crimes  involving  domestic violence.   This  rule  reflects  the

policy   that  judges  and  jurors  must  have  access  to   this

information to determine whether the defendant characteristically

commits such acts, so that the defendants character can be  taken

as  circumstantial  evidence that the  defendant  acted  true  to

character  during  the  episode being litigated.8   Similarly,  a

judge  or  magistrate hearing a petition for a domestic  violence

protective  order  will find information about past  episodes  of

domestic violence relevant in determining whether a petitioner is

in  danger and needs the protection of a restraining order.   All

too   often,   domestic  violence  has  tragic  and  irreversible

consequences;  as one commentator has noted, [o]f all  the  women

murdered  in  the  United States in a given  year,  approximately

          thirty percent lose their lives to husbands or boyfriends.9  It

is  vital  that the court in a domestic violence proceeding  have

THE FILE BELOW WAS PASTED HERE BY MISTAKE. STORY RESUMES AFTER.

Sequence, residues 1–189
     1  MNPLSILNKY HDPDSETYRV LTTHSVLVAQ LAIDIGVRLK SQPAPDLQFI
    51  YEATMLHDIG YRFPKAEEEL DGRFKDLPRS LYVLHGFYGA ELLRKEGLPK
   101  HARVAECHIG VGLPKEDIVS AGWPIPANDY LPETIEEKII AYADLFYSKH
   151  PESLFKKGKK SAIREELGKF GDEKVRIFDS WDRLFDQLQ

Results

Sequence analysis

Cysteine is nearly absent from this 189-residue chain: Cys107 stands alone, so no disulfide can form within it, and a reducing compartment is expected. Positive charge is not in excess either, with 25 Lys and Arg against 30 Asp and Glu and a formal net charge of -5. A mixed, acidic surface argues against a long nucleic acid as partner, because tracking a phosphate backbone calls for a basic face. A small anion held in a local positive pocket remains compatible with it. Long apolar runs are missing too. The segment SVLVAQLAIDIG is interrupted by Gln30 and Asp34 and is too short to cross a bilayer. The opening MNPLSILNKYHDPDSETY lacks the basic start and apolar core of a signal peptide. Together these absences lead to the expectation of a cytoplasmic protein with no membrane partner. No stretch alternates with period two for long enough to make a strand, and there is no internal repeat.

all  available  relevant evidence in making its  determination.10

Evidence  of  past  alleged incidents  of  domestic  violence  is

particularly  useful  in light of the rate  of  recidivism  among

domestic violence offenders.11

          We  therefore  conclude that a private  agreement  that

seeks to bar an individual from presenting relevant evidence to a

court  in  a  domestic  violence proceeding,  or  a  court  order

implementing or enforcing such an agreement, is unenforceable  as

contrary to public policy.  Our holding is in keeping with  other

jurisdictions  that  have  found that settlements  or  agreements

preventing  an  individual from providing  evidence  relevant  to

litigation  or investigations are contrary to public  policy  and

therefore unenforceable.12  To the extent that the non-disclosure

order  prohibited  Lana  from mentioning Camerons  alleged  child

abuse   in  her  domestic  violence  petition,  that  order   was

unenforceable and cannot form the basis of a finding of contempt.